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Charleston v News Group

[1995] 2 All ER 313

Case summary last updated at 17/01/2020 18:54 by the Oxbridge Notes in-house law team.

Judgement for the case Charleston v News Group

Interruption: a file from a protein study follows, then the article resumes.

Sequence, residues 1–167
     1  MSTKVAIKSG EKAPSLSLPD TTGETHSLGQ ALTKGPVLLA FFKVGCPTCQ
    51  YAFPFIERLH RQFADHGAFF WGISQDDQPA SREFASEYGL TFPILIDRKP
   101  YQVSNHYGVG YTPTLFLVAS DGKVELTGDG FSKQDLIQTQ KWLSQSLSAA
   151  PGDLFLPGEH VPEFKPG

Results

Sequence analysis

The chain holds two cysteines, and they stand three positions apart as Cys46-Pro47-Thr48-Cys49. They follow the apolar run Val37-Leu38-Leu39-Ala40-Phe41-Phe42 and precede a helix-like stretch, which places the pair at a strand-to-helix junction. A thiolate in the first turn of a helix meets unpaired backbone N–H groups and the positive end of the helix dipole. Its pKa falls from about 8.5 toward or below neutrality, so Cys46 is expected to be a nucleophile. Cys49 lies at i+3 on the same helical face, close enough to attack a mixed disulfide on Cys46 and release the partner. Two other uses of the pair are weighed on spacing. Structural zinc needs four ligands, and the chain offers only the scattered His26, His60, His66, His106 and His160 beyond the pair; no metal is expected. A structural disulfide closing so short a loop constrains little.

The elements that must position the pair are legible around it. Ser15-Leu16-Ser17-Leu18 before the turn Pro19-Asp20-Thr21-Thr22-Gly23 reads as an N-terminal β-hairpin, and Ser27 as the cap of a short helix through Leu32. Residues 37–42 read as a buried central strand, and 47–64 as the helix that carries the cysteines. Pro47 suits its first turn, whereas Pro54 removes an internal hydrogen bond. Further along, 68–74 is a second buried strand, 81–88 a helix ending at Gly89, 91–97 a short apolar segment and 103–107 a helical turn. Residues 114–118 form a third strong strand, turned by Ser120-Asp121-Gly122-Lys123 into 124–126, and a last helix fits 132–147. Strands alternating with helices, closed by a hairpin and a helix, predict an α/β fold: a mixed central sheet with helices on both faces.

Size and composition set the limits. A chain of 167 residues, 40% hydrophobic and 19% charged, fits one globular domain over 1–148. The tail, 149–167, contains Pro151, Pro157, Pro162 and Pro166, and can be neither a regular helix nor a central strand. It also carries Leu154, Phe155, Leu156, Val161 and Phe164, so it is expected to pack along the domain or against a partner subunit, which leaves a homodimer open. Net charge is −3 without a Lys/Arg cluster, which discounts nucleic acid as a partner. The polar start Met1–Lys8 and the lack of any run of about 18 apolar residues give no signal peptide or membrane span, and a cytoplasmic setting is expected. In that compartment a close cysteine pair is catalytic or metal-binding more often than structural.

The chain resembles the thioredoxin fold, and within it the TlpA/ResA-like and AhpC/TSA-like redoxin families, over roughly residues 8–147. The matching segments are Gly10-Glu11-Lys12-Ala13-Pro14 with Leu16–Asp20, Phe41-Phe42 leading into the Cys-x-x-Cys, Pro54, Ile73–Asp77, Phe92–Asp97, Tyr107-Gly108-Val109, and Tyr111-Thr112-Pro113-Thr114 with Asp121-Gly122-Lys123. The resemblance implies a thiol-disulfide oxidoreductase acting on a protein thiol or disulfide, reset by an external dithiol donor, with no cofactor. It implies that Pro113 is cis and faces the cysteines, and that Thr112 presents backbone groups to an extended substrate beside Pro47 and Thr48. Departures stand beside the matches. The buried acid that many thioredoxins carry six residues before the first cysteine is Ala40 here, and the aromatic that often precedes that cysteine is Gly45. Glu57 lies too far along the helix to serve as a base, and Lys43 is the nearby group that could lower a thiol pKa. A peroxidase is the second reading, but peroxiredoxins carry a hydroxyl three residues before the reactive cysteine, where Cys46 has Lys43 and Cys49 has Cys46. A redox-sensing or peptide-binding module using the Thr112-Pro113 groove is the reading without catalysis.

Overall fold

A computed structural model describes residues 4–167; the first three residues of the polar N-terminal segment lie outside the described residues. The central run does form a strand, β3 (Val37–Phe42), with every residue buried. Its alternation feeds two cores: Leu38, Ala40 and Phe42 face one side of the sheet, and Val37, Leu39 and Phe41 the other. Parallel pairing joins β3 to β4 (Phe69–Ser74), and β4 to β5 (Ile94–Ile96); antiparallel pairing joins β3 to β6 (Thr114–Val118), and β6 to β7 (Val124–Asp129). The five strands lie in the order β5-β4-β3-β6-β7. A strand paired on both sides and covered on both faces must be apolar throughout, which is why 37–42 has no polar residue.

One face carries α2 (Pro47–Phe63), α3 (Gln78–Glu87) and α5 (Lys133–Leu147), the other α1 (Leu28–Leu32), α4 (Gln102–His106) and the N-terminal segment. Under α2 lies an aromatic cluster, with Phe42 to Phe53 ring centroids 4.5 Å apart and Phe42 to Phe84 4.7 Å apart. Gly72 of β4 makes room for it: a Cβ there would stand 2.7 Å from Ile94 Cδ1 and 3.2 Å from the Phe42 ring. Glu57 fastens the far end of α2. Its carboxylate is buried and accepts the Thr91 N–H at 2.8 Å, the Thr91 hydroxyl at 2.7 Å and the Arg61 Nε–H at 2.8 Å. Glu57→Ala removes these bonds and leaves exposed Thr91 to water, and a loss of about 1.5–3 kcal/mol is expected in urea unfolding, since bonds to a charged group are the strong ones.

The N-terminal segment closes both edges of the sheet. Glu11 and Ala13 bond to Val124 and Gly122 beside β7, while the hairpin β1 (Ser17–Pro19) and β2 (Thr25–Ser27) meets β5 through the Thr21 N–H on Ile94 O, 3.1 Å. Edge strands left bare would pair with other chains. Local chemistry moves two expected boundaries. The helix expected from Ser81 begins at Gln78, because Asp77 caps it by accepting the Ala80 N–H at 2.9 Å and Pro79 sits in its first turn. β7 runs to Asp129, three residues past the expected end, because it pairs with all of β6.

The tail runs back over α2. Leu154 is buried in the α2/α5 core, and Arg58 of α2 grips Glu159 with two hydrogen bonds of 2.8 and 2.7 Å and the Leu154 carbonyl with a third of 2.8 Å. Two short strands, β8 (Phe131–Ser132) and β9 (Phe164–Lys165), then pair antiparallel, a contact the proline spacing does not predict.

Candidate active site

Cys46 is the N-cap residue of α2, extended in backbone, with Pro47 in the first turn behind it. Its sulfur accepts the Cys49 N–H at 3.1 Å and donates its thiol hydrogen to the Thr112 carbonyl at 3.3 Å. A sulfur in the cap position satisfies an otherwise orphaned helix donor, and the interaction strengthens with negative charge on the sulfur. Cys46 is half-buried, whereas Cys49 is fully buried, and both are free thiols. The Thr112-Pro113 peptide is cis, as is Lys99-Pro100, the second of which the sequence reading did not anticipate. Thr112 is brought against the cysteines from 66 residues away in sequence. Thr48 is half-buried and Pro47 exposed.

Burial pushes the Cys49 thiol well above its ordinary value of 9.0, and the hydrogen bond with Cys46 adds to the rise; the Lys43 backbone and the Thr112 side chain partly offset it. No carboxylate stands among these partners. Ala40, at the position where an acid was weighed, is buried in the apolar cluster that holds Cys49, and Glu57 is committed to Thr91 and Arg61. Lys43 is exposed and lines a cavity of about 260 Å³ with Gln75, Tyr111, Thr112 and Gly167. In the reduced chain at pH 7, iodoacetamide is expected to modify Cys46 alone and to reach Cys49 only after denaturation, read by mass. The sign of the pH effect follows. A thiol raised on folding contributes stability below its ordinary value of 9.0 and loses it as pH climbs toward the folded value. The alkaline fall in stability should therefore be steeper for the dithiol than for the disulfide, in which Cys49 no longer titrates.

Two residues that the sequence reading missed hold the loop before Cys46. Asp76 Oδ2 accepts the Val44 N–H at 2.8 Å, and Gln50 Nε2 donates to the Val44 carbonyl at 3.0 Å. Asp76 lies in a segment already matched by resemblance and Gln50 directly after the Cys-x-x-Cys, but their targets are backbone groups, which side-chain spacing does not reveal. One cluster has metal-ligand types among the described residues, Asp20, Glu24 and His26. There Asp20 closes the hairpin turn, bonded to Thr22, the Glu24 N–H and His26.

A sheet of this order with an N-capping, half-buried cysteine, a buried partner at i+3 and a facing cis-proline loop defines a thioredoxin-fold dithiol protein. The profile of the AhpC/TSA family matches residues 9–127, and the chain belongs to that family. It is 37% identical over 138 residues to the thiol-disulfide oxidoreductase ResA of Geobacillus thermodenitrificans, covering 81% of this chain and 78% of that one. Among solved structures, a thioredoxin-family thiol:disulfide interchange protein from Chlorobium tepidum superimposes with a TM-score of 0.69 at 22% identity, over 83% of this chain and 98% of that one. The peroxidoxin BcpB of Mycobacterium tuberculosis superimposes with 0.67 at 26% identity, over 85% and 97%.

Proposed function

Ps were actors and D superimposed their heads onto a pornographic photo with the headline “Strewth! What's Harold up to with our Madge?” Underneath the photo was the caption "Soap Studs: Harold and Madge's faces are added to porn actors' bodies in a scene from the game". The game referred to a computer game where famous people’s heads are superimposed into porn scenes. Ps sued D for defamation. HL found for D, saying that the newspaper had stated that the depicted scenes were not really occurring between Ps. Two basic principles of the law of libel were that, where no innuendo was alleged, the natural and ordinary meaning of an allegedly defamatory publication was the meaning, including any inferential meaning, conveyed to the mind of the ordinary, reasonable and fair-minded reader and that the jury were required to determine the single meaning conveyed by the publication to the notional reasonable reader and base its verdict and damages on the assumption that the single meaning was the sense in which all readers would have understood it. A claim for libel could not be founded on a headline or photograph in isolation from the related text. Here, no ordinary reader would get the impression that Ps were really having sex. (Per Lord Bridge).

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